Waggin’ Around the Valley: Winter tips for outside pets

Cat shelter
This diagram from the Alley Cat Advocate shows how easy creating an outdoor cat shelter can be.

By Hali Emmons

Winter can be an especially tough time for any animals outside, but especially our domesticated canine and feline friends. If you have an outside animal or see one in need, here are some tips that can help them stay warm and safe through the coldest months of the year. 

Outdoor Cats

If you have feral cats nearby or see a cat in need, an outdoor cat shelter is one of the best ways to help them. This diagram from the Alley Cat Advocate shows how easy creating an outdoor cat shelter can be.

To ensure that the shelter is properly warm, make sure to use straw. Straw is best for insulating heat for the shelter. The shelter should also be positioned on top of a small platform that would keep water or snow away from the entrance and straw should be put on the bottom of the shelter to hold heat from the outside as well. 

If you are feeding outside cats, ensure the water is not frozen, food cannot be tipped over, and both are covered from the elements. A covered feeding station is a great option for monitored feeding of a colony. Always make sure to get the colony fixed! Getting the cats fixed decreases the population, helps with any behavioral issues within a colony, and tipped ears alert the community that the colony is not a threat of repopulating! If you need help getting a colony fixed, please call Cat’s Cradle at (540) 433-1135. If you can’t reach a person, leave a detailed voice message, and they will get back to you as soon as possible. They are the local contact for TNR in Page County. 

Outside Dogs

Laws in the state are ever changing to help those dogs less fortunate who cannot be a part of an inside family. Animal advocates and lawmakers are working hand in hand to have more specific language added to bills for more protections for animals such as temperature guidelines and `tethering limits and absolution.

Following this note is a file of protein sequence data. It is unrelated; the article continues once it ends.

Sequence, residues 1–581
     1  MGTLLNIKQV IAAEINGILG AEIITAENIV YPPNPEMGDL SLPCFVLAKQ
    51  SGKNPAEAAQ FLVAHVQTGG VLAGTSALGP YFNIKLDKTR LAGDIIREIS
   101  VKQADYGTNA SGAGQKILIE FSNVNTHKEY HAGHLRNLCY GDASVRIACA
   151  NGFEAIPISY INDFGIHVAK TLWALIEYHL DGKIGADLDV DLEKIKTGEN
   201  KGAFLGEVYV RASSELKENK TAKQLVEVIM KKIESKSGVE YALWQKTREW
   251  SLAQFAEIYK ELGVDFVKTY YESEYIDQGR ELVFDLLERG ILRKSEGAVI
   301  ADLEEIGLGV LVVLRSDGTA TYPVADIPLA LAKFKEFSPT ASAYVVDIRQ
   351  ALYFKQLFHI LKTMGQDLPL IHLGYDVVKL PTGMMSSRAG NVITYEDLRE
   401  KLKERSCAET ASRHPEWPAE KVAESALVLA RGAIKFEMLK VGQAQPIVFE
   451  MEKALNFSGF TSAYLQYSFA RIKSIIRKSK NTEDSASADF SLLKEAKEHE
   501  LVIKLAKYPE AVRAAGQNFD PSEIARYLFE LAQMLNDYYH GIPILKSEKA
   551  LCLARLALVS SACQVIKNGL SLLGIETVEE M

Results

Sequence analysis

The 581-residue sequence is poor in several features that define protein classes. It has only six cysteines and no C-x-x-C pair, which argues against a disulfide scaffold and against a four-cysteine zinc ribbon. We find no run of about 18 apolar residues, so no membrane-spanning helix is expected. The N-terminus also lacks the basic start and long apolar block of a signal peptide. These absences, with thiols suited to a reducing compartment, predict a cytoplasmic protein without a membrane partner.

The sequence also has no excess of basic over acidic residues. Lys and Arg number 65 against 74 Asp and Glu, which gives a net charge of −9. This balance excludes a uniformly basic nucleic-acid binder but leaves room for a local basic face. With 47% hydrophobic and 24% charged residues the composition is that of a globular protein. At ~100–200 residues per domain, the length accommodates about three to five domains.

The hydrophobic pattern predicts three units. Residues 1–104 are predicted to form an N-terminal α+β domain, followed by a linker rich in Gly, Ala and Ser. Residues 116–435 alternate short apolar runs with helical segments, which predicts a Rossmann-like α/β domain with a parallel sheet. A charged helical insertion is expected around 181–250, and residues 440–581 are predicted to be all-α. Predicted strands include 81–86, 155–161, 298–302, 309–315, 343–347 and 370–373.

According to Virginia State Law Code§ 3.2-6500 , “adequate shelter” is defined by “provision of and access to shelter that is suitable for the species, age, condition, size, and type of each animal; provides adequate space for each animal; is safe and protects each animal from injury, rain, sleet, snow, hail, direct sunlight, the adverse effects of heat or cold, physical suffering, and impairment of health; is properly lighted; is properly cleaned; enables each animal to be clean and dry, except when detrimental to the species; during hot weather, is properly shaded and does not readily conduct heat; during cold weather, has a windbreak at its entrance and provides a quantity of bedding material consisting of straw, cedar shavings, or the equivalent that is sufficient to protect the animal from cold and promote the retention of body heat; and, for dogs and cats, provides a solid surface, resting platform, pad, floormat, or similar device that is large enough for the animal to lie on in a normal manner and can be maintained in a sanitary manner. Under this chapter, shelters whose wire, grid, or slat floors (i) permit the animals’ feet to pass through the openings, (ii) sag under the animals’ weight, or (iii) otherwise do not protect the animals’ feet or toes from injury are not adequate shelter.”

No matter how much fur your dog has, dogs are not built to live in extreme conditions. These laws help safeguard dogs from the severe conditions they are made to live in. Extra straw or shavings should be added during the coldest of days to help the dog regulate their body temperature. Snow or rain should NEVER get inside the shelter. The required windbreak will help keep out most of it, but strong, gusty winds could still blow through. A covered feeding station should make sure the water never freezes and food not tipped so the dog can make sure it can get all nutrition it needs to keep their bodies insulated. Several small meals through the day are the safest on their digestive track. If you notice a dog losing weight to where hip bones, ribs, or backbone are showing, they need more food added to their diet to make certain they are keeping a healthy weight through the winter.

If you notice something, say something. You could be the person who can change an animal’s life! Here are some local resources you can contact, even if you are not knowledgeable on animal laws, if a situation doesn’t seem safe to you. 

Page County Sheriff’s Office: (540) 743-6571 (Press option #4 for dispatch, you can remain completelyanonymous)

Page Paws: (540) 244-7711 (Members of the community help with situations in Page County to ensure the safety of animals)

Dogs Deserve Better Blue Ridge: (434) 264-6170 (Assists Page Paws and members of the valley who need help with chained and/or outside dogs)

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